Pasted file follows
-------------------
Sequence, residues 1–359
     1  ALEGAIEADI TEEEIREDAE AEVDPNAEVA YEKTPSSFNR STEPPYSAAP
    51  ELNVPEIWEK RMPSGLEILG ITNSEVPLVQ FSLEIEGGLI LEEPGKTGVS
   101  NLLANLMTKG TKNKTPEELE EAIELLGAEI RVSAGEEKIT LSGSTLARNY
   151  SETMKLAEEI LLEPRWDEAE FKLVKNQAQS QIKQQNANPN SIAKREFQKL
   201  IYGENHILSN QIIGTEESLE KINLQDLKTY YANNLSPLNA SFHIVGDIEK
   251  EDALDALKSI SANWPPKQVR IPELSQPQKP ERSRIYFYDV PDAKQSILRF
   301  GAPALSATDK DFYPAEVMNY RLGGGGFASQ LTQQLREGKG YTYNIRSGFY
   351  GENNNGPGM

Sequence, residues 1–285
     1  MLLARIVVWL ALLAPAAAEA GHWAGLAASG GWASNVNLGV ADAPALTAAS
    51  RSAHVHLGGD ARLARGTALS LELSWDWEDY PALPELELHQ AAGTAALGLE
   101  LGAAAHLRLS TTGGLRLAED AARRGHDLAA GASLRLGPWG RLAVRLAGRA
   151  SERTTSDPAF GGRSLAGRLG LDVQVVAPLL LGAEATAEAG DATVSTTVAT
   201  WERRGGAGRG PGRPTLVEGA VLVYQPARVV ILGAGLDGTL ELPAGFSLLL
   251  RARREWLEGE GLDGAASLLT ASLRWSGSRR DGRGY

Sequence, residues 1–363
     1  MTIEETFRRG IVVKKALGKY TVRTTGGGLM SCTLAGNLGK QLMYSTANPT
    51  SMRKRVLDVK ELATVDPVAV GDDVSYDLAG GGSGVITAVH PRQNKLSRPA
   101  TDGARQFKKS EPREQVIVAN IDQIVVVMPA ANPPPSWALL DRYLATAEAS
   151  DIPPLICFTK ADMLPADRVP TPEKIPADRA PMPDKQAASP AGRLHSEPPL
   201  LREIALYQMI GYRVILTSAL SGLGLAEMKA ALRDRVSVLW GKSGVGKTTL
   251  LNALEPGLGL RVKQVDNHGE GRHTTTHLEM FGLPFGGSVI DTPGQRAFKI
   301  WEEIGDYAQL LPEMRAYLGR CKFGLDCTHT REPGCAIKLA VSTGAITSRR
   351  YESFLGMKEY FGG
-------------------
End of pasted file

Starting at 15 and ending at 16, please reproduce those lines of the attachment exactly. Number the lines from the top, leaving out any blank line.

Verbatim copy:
   201  WERRGGAGRG PGRPTLVEGA VLVYQPARVV ILGAGLDGTL ELPAGFSLLL
   251  RARREWLEGE GLDGAASLLT ASLRWSGSRR DGRGY